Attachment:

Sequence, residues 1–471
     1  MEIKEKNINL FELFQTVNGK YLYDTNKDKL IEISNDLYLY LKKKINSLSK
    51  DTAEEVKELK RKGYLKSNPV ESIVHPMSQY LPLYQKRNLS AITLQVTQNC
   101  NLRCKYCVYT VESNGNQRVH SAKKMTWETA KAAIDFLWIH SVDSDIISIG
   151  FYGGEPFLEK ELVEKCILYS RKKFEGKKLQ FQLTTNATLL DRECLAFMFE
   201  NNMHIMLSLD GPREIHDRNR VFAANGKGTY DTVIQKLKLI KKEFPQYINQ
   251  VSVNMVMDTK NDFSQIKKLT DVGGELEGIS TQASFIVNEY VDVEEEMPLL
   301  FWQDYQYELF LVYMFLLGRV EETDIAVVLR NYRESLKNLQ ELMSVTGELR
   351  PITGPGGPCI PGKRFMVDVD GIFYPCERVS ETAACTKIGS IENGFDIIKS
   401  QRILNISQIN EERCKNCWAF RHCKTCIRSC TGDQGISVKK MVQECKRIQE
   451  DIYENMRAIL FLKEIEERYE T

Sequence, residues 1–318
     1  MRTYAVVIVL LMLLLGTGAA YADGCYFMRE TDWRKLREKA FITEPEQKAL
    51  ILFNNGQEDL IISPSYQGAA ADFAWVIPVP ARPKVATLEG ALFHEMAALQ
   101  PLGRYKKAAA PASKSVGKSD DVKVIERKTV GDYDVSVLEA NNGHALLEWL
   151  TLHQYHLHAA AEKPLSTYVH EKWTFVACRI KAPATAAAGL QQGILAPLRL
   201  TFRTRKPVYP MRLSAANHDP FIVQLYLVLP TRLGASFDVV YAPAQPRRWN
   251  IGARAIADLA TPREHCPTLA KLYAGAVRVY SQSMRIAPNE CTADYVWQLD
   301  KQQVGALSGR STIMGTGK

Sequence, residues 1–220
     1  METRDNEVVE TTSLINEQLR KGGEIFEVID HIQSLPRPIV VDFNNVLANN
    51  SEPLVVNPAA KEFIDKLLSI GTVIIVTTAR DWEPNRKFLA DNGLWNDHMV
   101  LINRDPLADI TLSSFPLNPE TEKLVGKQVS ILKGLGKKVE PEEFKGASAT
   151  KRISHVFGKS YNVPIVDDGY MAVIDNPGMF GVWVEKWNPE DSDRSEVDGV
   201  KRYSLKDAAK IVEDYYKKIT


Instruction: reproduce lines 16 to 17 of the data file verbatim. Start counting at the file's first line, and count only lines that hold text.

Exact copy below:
   151  TLHQYHLHAA AEKPLSTYVH EKWTFVACRI KAPATAAAGL QQGILAPLRL
   201  TFRTRKPVYP MRLSAANHDP FIVQLYLVLP TRLGASFDVV YAPAQPRRWN